Overview of Mach-O binary

Mach-O is a binary format used by Apple for its systems. The binary format contains assembled bytes, data and other information. Structured by a list of load commands, where each load command hold the neccessary pointers to the contents.

At offset 0 lies a header structure, struct mach_header, containing the general information about the the binary.

struct mach_header {
    uint32_t magic;
    cpu_type_t cputype;
    cpu_subtype_t cpusubtype;
    uint32_t filetype;
    uint32_t ncmds;`
    uint32_t sizeofcmds;
    uint32_t flags;

Valid magic values are: 0xfeedface for 32-bit format, 0xfeedfacf for 64-bit format, little endian wise, big endian version are bytes swapped.

cputype and cpusubtype declare on which platform can this binary be loaded (or which assembly type this file contains). The most we are gonna see are x86, x86_64, and arm64, arm64e; while arm 32-bit aka armv7 (armv7s, armv7a) exist, Apple dropped support for these platforms since the release of iPhone 6.

filetype denotes the type of binary, executable, dynamic library, object file.

ncmds and sizeofcmds declare the number of load commands and the total size of load commands in byte. The reason why the size is required because the size of load command types varied. Also, the sizeofcmds is checked upon binary load, and throws error if it’s incorrect.

flags is bit mask value for extra information, e.g. PIE.

Load command

Each load command is structured, type of cmd, command size cmdsize, and information of that command.

There are many types of load commands, however we only focus on segment, dynamic library, symbols, fairplay, codesignature command types.

Segments are common in executable/library binaries. These point to the data inside where the .text or .data reside. In Mach-O binaries, a segment load command is followed by a series of sections, with each section mark the start/end of the data. The common sections are: __text, __cstring, __const, __got, __la_symbol_ptr, __mod_init_func, __data, __bss. These sections can be named without any restrictions, however compilers often name them by a rule of thumb. The attributes for the sections is marked with bit mask flag, indicating the attributes of the items.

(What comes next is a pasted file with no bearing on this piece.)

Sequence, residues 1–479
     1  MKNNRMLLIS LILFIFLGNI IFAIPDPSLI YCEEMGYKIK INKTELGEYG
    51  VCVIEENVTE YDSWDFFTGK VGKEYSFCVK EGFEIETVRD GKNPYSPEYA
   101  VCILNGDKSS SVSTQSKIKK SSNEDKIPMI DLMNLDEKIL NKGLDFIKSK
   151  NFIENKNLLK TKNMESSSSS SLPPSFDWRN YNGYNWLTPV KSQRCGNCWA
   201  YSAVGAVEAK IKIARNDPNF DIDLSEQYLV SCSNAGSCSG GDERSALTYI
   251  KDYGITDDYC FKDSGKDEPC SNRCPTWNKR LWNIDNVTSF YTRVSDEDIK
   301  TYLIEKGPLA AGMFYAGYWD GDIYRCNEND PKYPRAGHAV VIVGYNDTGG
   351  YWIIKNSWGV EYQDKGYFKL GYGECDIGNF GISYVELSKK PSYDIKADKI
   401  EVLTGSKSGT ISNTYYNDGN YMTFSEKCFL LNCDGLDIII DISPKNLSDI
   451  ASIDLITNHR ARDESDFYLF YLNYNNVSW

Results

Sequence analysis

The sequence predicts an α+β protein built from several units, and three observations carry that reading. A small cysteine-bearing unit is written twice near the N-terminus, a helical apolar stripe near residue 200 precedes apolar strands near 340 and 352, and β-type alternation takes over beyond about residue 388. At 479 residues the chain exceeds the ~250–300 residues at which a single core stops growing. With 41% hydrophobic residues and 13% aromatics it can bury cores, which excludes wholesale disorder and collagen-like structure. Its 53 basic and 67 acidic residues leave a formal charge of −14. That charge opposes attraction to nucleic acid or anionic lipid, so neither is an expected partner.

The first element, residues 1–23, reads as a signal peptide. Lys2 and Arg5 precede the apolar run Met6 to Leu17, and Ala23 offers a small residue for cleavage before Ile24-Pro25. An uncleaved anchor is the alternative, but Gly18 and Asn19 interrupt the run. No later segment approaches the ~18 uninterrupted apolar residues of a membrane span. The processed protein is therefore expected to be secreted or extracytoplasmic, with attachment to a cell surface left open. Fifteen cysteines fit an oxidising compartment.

A unique segment with no section is named __LINKEDIT. This section points to the last part of the binary containing various information, including tables of symbols, tables of symbols name, list of exported symbols, and binary’s signature.

Each dynamic library is registered through a load command containing the path to the library. The path can either be absolute or relative. Absolute path resolving is straight-forward. With relative path resolving, the binary can use either of the two forms: relative to current directory, or rpath. Relative path with the current directory is easy to understand, ./, ../ and such paths are valid in this case.

rpath is a little different, in short, the path started with either these variables: @executable_path, @loader_path, @rpath. @executable_path is replaced with the executable’s residing folder, @loader_path is replaced with the path of the folder containing the loader. @rpath is resolve by rpath load commands.